As part of a new 16-story, multi-use residence hall in the heart of Boston, the Berklee College of Music desired a space that would serve as a dining area during the day and a performance venue for the students at night. Because of this dual function, both aesthetics and acoustics were key considerations in its design.

To meet the challenge, the design team at William Rawn Associates, architects in Boston created the “Caf,” a two-story, 400-seat space featuring a 32-foot high ceiling, a gracefully curved second floor balcony, and a floor-to-ceiling glass wall overlooking busy Massachusetts Avenue. According to Designer Brian Putnam, the design team wanted to impart a dynamic quality to the space to complement its urban setting. 

Eye-catching Red Ceiling

One way the team accomplished its goal was the use of MetalWorks Torsion Spring panels from Armstrong Ceiling Solutions in a custom red color in the ceiling and custom MetalWorks WH100 panels on the wall. “Red was chosen because it’s the school color and both eye-catching and highly visible from the street,” Putnam states.

MetalWorks panels were selected for the ceiling and wall because of their high tech, sophisticated look. The light weight of the aluminum panels and their durability were also considerations. “Torsion Spring panels were chosen for the ceiling because they have no exposed grid and still allow accessibility where needed,” Putnam adds.

The ceiling panels are installed in a series of clouds high above the dining and performing area.  According to Mark Allan of Allan Construction of Salem, NH, the acoustical contractor, one of the more difficult aspects of installing the clouds was working around the myriad of building services above the clouds.

“Because of its dual function as a cafeteria and a performance space, we not only had to bridge and straddle the normal services to hang the suspension systems, but also all the sound and lighting equipment required for the performance area below,” he says.

The shapes of the ceiling clouds mirror the balcony’s “ribbon wall,” a 201-foot-long wall featuring sweeping curves designed to redirect sound. “We needed to deflect sound so that it did not bounce straight back to the glass wall behind the performers,” Putnam explains.  All of the metal panels in the ceiling and wall are perforated and backed with a fiberglass infill for acoustic control.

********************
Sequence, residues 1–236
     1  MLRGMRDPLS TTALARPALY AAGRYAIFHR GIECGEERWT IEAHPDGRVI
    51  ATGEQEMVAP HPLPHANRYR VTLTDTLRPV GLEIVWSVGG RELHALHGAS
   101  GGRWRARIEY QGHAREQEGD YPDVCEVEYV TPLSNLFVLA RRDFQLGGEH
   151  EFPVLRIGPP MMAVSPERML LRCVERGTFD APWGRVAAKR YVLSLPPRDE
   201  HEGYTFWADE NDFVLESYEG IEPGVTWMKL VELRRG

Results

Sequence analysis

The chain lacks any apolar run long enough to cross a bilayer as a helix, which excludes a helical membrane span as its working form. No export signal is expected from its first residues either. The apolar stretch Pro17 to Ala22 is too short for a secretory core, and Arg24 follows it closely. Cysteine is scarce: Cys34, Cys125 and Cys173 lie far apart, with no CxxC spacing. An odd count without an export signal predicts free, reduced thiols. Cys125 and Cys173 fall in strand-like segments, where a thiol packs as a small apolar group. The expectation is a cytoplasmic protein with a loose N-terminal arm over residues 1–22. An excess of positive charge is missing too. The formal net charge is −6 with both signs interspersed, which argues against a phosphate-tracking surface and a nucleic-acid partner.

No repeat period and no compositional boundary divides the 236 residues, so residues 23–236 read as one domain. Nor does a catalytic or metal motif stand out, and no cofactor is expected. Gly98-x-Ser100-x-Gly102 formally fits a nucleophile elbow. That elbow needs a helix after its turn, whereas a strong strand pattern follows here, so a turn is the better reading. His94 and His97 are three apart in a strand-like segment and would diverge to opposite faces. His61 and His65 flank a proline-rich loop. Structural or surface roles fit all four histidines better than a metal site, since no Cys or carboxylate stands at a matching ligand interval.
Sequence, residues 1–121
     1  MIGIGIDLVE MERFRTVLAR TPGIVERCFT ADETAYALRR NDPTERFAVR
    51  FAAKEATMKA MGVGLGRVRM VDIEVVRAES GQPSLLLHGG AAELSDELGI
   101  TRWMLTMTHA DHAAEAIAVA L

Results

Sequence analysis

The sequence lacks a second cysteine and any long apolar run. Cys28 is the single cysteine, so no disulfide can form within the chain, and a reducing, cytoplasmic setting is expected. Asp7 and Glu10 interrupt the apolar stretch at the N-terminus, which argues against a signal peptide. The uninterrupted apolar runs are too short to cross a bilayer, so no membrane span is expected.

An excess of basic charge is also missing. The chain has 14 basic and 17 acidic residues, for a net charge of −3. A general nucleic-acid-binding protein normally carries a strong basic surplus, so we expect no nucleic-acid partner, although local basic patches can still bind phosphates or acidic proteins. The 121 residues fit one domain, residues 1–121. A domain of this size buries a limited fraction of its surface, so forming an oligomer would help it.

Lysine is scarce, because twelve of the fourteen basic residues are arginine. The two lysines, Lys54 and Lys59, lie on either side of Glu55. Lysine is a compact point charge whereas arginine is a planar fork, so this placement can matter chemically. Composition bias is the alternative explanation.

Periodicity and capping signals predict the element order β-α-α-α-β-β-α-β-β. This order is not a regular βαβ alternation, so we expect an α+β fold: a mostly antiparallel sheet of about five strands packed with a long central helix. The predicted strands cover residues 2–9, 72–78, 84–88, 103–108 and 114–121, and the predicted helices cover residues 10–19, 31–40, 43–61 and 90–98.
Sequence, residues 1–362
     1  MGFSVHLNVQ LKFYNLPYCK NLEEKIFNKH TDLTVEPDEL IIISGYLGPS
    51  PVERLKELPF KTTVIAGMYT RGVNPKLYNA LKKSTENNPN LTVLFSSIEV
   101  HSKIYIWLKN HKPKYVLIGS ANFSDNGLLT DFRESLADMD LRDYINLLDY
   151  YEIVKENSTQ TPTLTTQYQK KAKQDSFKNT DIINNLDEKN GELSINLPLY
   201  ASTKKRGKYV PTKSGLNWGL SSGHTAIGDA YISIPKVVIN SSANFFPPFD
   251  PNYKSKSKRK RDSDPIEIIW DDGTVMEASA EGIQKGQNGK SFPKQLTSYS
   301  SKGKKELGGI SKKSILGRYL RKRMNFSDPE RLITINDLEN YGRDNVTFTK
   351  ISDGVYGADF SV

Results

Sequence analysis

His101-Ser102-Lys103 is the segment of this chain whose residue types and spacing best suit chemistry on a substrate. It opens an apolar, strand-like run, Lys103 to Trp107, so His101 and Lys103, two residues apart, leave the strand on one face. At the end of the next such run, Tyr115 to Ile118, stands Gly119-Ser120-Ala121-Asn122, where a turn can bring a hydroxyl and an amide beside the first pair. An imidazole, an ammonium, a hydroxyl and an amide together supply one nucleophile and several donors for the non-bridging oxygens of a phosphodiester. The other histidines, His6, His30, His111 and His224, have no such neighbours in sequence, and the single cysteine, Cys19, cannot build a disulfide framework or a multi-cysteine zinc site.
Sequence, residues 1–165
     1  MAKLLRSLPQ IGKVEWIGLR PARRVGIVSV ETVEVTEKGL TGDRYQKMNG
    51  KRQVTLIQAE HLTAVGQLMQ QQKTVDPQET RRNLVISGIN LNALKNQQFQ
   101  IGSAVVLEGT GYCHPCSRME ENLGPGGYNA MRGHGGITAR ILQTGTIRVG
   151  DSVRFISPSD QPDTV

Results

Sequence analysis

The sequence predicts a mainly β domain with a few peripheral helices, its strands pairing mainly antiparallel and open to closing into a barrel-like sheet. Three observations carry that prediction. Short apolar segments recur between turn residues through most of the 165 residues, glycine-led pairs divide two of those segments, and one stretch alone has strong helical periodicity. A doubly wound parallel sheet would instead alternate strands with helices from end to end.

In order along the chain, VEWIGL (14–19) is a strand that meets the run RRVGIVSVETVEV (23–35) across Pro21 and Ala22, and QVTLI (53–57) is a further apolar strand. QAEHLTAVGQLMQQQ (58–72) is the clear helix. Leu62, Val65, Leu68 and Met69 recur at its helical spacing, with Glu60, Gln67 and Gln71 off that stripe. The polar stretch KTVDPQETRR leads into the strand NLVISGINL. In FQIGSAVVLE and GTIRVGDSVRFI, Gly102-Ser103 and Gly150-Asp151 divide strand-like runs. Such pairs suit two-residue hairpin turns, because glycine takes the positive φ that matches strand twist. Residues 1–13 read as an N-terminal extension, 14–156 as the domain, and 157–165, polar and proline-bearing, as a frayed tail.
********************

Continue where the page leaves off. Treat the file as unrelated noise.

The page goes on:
Custom-sized Wall Panels

The “ribbon wall” consists of three rows of metal panels stacked on top of each other. Because of the wall’s curved design, all the panels had to be custom sized at the manufacturing plant. The panels are all the same height but have different widths depending on the radius and arc length.  Some panels are only a foot wide in order to traverse a tight curve.

“Because the panels were custom sized at the plant, field measurements were critical,” states Allan. “That’s because each panel had to be in its precise location or we’d end up with a tolerance build-up and eventually require infill panels. In addition, to meet the design intent of the architect, all the joints had to be tight with no space between them, no gaskets, and no lipping.”

The radial portions of the wall also required a change in the attachment method. Working together, Allan Construction and Armstrong tested different installation options instead of a bolted system and decided on a hook-on system with custom angled panel edges. In total, 350 panels were then installed.

“To create the space we desired, we knew we would be heavily reliant on the ceiling and wall surfaces, both in terms of aesthetics and acoustics,” Putnam states. “It’s amazing how much of a signature element they have become.”

(The Berklee College of Music project won Gold in the Interior Finishes category, East Region, of the 2015 Construction Excellence Award competition of CISCA.)